Turn off your lights so you can see

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Do you ever wonder what a person from 200 years ago would think if you just plonked them down in the middle of one of our cities?

Sometimes as I’m driving along I’m struck by the absurdity of the world I live in – a world that would surely be incomprehensible to people only three or four generations before me.

The concrete jungles that fall like a perfectly normal backdrop for our existence have, in reality, only existed in the last 100 years.

As we march forward, proudly carrying the greatest of human progress, I wonder if we have failed to stop and look for what we can no longer see. We’ve replaced so much of what is natural for what is artificial and many of us have lost God in the process.

It does not astound me that atheism’s unprecedented growth has coincided with the industrial revolution. Humanity cannot find God in his creation because they are blinded by the glory of their own creation. As I drive through the city my vision is dominated by cars and roads and buildings and power lines and paths and lights and planes and clothes and shoes and fences and windows… and suddenly man is the creator.

If only we would turn off our fluorescent bulbs for a second, we might be able to see beyond ourselves; to see that before we had covered the earth with our creations, far superior creations existed, and they must have come from somewhere.

When the world gets stifling…

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I have a lot of things on my mind at the moment. Nothing major, just all together they start to add up. I find my mind spinning with plans, agendas, moral issues and sometimes fears.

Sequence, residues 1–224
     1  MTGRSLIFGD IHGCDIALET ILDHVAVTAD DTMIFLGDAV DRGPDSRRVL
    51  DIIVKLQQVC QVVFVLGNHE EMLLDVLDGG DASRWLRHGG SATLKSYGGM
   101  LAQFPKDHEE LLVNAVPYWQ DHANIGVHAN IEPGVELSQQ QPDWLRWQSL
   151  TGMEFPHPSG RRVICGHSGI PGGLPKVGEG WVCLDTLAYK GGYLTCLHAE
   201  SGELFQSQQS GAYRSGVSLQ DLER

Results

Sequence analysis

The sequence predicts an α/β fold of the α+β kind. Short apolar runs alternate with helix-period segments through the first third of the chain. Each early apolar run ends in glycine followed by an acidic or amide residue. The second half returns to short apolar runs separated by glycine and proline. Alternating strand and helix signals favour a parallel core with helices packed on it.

My mind is so busy, that it’s time to stop for a minute and think about some things that I love; the simple things; the things that are still there when all the busyness fades away.

Today I’m thinking about the night sky. Living in the city I don’t always get to see it in all it’s glory, but it makes it all the more special when I get out into the country and lie in a field and become captivated by the vastness of the sky. I love to drink in the millions of stars and the complexity of the universe.

Somehow the more complex the natural world appears, the less complex my life seems, because it reminds me that I have a God who holds it all in His hands.

My life and its complications will fade away, but my ability to wonder over and delight in the complexity of God will live on for an eternity.

So, when the world gets stifling, it’s often time to look beyond. Beyond our politics and selfishness and general humanity, beyond time even, beyond this world to the eternity that we are to live for. And if eternity had a face, for me, it would look like the night sky.

Winter’s Silver Lining

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I really don’t like winter. I think there might be a slight international misconception that Australians don’t have winter. I can assure you that we do. While our whole country may not get entirely shrouded in snow, we get plenty of it in some areas.

Just last week we had a rare snowfall just outside my city, and the chilly days that followed have reminded me that the next stop south from where I live is Antarctica.

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I dread this time of year, but there is one great blessing amongst all this. We get to see the sky. Unlike some countries, we are not subjected to a months-on-end existence under an oppressive blanket of cloud.

Yesterday morning I drove to work beneath a cobalt blue sky with the sun shining through my windscreen. It might be cold, but blue sky is not uncommon here in winter, and it really lifts my spirits.

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Sometimes the sunshine confuses the jonquils and lilacs, and they bloom early; fragrant beacons of hope reminding us that spring will come.

Living in the driest state of the driest continent, where we tend to believe we’re drowning if we get three days straight of rain, I’m reminded of how blessed we are to still have dry sunny days, even in the middle of winter.